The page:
“It is now reasonably evident that the cabinets and documents which are the subject of the AFP investigation, came from the Department of the Prime Minister and Cabinet. While it remains unclear, it is likely this occurred some time ago. This casts the Department in a poor light and this failure has implications for the rest of the Australian Public Service.”
– Martin Parkinson, Department of Prime Minister & Cabinet, 2 February 2018
In late 2017 the Council of Australian Governments (COAG) convened a special ‘Security’ meeting, in the first of a series of security focused meetings, yet to be held. One of the first outcomes was to commence sharing photographs from state motor driver’s licences as part of a national facial recognition and identity scheme. It wasn’t lost on me that COAG overlooked the opportunity to include other police regulated licence categories, such as security and firearm licences, but that’s an issue we’ll come to again later in the year. Facial recognition is also operating in all Australian international airport terminals and will be increasingly applied in other sectors, be it for public transport systems, retailers or even to access your new iPhone X. Indeed, the technology is already being used as part of conference registration, as experienced courtesy of Milestone Systems on attending their MIPS2018 event in Hanoi, Vietnam in January.
The discussion has predominantly been on the technical capability and accuracy of biometric identification systems, however there has been an apparent absence of discussion around privacy and trust of these systems and the operators. As being observed in China, facial recognition is forming part of a digital and cashless social and economic system and one which is applying a national citizen score card to individuals. As of 2020 the opt-in or opt-out choice is removed and it becomes mandatory. The reality of an Orwellian society of 1.37 billion people just to the north of Australia may be just a few short years away. Possibly, an inviting concept to be garnered by other countries in order to tackle the weeds of political dissent, corruption, crime and terrorism. As they say, ‘nothing to hide, nothing to fear’. Your privacy for your security.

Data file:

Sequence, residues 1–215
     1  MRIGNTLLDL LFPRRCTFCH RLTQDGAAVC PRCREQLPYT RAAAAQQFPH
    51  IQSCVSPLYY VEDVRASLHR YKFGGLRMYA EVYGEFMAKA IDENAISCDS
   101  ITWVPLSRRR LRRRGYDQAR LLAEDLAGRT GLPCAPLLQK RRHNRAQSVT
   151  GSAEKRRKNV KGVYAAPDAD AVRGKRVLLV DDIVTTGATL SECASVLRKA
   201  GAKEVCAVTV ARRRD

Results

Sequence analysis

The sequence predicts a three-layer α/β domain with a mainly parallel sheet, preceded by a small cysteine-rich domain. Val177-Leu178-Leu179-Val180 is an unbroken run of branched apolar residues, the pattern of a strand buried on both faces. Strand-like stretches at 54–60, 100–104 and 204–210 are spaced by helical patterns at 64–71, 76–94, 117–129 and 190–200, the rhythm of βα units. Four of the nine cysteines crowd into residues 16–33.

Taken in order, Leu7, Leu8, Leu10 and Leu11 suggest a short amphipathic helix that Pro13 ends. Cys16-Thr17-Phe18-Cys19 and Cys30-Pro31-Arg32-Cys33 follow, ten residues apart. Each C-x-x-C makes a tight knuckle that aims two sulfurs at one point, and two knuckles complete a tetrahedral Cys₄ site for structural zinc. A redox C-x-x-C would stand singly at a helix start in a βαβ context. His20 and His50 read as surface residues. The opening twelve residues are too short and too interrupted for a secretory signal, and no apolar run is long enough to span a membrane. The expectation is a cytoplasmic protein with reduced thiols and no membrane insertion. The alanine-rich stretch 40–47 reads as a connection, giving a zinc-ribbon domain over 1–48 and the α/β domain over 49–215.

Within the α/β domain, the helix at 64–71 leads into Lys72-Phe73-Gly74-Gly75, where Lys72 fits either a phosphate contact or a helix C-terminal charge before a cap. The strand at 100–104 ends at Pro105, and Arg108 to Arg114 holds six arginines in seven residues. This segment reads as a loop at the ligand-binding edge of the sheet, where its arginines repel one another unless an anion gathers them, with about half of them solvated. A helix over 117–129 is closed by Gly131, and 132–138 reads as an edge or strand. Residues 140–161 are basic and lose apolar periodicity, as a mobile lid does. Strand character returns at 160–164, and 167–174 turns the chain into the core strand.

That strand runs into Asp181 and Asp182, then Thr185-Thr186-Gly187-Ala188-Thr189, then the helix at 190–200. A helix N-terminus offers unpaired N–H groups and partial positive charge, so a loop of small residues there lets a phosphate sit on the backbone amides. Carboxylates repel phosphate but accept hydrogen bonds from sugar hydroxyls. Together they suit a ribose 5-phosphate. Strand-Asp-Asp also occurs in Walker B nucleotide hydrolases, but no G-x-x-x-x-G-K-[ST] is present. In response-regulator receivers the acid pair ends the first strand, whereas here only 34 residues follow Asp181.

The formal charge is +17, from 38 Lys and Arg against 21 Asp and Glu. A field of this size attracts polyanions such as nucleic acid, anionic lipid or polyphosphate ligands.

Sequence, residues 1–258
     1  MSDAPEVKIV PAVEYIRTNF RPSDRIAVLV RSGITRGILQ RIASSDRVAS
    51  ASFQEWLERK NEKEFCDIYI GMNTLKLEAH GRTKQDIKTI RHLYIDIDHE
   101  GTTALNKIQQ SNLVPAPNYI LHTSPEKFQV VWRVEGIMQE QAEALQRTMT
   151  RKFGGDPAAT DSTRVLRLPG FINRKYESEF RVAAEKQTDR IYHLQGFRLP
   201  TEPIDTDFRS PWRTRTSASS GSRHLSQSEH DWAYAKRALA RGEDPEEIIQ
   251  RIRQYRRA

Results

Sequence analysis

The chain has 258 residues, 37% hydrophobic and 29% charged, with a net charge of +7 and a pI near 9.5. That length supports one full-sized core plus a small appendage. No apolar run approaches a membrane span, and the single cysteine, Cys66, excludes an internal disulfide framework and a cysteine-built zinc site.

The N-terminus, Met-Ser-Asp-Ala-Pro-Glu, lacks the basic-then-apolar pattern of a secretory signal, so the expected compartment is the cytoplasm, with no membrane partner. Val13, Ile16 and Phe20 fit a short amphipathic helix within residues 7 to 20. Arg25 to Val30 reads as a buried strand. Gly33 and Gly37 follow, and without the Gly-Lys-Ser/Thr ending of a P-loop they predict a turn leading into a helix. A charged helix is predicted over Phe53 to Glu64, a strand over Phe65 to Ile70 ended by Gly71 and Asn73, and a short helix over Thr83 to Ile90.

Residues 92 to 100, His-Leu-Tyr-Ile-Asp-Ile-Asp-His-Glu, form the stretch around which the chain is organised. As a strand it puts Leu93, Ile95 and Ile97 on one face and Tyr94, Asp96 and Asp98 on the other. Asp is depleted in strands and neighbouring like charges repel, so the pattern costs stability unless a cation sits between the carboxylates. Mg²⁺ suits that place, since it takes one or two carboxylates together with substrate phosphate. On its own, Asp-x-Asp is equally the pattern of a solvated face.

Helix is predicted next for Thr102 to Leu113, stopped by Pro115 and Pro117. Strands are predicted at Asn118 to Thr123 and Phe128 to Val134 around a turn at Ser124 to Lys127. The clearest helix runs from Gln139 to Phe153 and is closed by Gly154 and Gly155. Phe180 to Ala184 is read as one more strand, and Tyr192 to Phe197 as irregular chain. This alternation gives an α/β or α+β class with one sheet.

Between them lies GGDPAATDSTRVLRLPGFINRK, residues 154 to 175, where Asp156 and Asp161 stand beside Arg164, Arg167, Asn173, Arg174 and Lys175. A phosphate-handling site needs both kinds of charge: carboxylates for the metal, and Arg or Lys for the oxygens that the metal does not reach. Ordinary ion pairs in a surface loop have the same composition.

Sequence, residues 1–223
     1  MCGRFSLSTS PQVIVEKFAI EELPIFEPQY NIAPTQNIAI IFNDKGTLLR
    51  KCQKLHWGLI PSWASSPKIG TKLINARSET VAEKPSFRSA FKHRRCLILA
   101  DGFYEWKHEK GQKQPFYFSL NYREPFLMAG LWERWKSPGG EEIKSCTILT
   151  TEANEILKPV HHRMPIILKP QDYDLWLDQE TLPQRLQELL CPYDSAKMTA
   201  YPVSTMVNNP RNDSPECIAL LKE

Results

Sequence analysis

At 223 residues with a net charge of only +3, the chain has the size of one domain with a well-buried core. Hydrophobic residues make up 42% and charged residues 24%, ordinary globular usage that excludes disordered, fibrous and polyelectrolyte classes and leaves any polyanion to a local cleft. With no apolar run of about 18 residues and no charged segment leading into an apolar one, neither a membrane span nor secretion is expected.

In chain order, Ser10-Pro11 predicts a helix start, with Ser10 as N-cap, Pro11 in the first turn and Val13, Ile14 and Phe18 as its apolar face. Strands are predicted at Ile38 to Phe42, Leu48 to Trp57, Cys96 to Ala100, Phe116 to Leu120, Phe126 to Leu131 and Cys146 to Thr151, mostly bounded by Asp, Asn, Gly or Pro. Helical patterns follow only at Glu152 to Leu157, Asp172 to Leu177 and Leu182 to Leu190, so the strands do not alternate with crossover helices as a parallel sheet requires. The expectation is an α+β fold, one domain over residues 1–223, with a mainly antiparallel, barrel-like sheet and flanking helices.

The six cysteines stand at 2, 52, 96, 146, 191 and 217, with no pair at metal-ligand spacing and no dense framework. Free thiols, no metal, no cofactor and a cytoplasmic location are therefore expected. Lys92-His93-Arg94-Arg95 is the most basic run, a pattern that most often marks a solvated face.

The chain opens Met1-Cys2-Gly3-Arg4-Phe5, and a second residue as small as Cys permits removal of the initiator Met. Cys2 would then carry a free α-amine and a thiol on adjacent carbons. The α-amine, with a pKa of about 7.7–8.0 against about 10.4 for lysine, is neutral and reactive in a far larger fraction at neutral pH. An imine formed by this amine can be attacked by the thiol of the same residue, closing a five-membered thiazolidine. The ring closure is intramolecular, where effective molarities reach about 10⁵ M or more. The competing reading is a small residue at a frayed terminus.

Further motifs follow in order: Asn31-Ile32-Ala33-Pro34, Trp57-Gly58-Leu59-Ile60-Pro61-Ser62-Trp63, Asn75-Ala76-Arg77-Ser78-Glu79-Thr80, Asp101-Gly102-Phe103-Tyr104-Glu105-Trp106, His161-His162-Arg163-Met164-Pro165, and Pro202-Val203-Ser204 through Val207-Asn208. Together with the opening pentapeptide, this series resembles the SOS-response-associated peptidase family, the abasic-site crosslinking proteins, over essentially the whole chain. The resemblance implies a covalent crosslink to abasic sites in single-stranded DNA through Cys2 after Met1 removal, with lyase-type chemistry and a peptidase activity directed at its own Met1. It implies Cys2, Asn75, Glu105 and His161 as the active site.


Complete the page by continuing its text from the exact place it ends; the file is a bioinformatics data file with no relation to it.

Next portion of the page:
And of course, we can trust the highest levels of Government to do the right thing and follow the key security principles to protect the nation. At a time of heightened political tension with China, ASIO warning of extraordinary levels of foreign espionage, of the Cyber Security Strategy and the Defence Export Strategy; exposed is the realisation that the Department of Prime Minister and Cabinet released thousands of pages of classified documents within ‘the Cabinet Files’. As reported by the ABC, these documents reveal the inner workings of five separate governments and span nearly a decade, stating, “nearly all the files are classified, some as “top secret” or “AUSTEO”, which means they are to be seen by Australian eyes only.” Consider this period is a time when Australia and its allies are highly cautious about China’s strategic positioning, particularly in the South China Sea, and the early deliberations of the NBN and Trans-Pacific Partnership. This type of breach, involving a locked cabinet sold for AUD$10 at a second-hand store in Canberra, naturally undermines security across all levels of government. It presents as a symbol of Government hypocrisy and lack of accountability and responsibility…Click HERE to read full article.